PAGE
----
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Celtic Arrivals: Globalization and Irish Literature, 1907-2007

  • Author(s): Townsend, Sarah Lynn
  • Advisor(s): Banfield, Ann
  • Bishop, John
  • et al.
Abstract

My dissertation constructs a literary history of global aspiration in twentieth and twenty-first-century Ireland. I show how the sense of having arrived at global modernity recurs in the literary record, emerging during periods of economic expansion and generating feverish anticipatory desires. Narratives of arrival coincide with the physical arrival of foreign goods and people to a long-impoverished, insular Ireland: imported commodities enter the marketplace, former emigrants return home, or new immigrants arrive. Yet the expectations unleashed in these moments of possibility consistently outstrip what the material landscape can sustain. In my readings of fiction and drama, I examine arrival as a structure of feeling whose fitful longings are as fundamental to Irish modernity as are its certain letdowns.

Arrival narratives assume various forms over the twentieth century as they become implicated in discourses about sovereignty, social reproduction, domesticity, and multiculturalism; yet they are united by a common sense of historical "catch up." If belatedness is a persistent condition of the colony and postcolony, then arrival offers to remedy the effects of uneven development in a manner that seems miraculous. The narrative of miraculous arrival extends from literary works to literary-critical, cultural, and economic interpretations of Irish modernity. The literary scholar Pascale Casanova considers Irish modernism a "miracle" and a paradigm for minor world literatures because its emergence from peripherality to world renown occurs so rapidly. Casanova's account of unlikely literary triumph echoes with the diffuse proclamations of economic and cultural triumph that emerged during the Celtic Tiger boom of the late 1990s and early 2000s. The Celtic Tiger was championed until the recent financial downturn as a sudden, unprecedented developmental telos; but as my dissertation shows, the narrative structures underwriting the period's expectations and subsequent collapse have a long literary history that must be excavated.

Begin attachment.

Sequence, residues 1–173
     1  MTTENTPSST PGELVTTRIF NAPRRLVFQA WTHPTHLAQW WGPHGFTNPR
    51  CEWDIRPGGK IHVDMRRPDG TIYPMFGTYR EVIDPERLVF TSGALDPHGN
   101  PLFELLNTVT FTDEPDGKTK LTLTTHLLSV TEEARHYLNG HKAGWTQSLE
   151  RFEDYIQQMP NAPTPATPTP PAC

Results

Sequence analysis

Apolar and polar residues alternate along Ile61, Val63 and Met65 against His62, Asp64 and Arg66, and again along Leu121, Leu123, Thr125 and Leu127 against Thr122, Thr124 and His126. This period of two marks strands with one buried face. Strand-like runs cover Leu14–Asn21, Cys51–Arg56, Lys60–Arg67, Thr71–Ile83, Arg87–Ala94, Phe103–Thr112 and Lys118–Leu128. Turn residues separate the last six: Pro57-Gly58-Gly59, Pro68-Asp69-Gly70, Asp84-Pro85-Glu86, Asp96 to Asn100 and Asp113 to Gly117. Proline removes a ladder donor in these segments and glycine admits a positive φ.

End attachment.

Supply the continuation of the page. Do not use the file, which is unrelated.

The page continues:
In titling my dissertation "Celtic Arrivals," I call attention to the global-capitalist interests of the Celtic Revival and its heirs, thereby challenging the exceptionalist claims that appear in many nationalist accounts of Irish literature and in more recent postcolonial interpretations of Irish culture as a site of alternative modernities. My dissertation shows instead that the spasmodic desires unleashed by the prospect of global arrival are crucial to understanding the Irish national narrative, as are the failures of those desires to materialize. In Irish literature's many thwarted hopes, I chart another national narrative that develops dialectically with the narrative of arrival. It articulates modernization's ruptures, exclusions, and manifold violence. In my dissertation's trajectory from J.M. Synge's 1907 premiere of The Playboy of the Western World to the play's multicultural centennial adaptation, I engage with theories of nationalism, globalization, and transnational agency to chart the evolving fictions and failures of Irish arrival.

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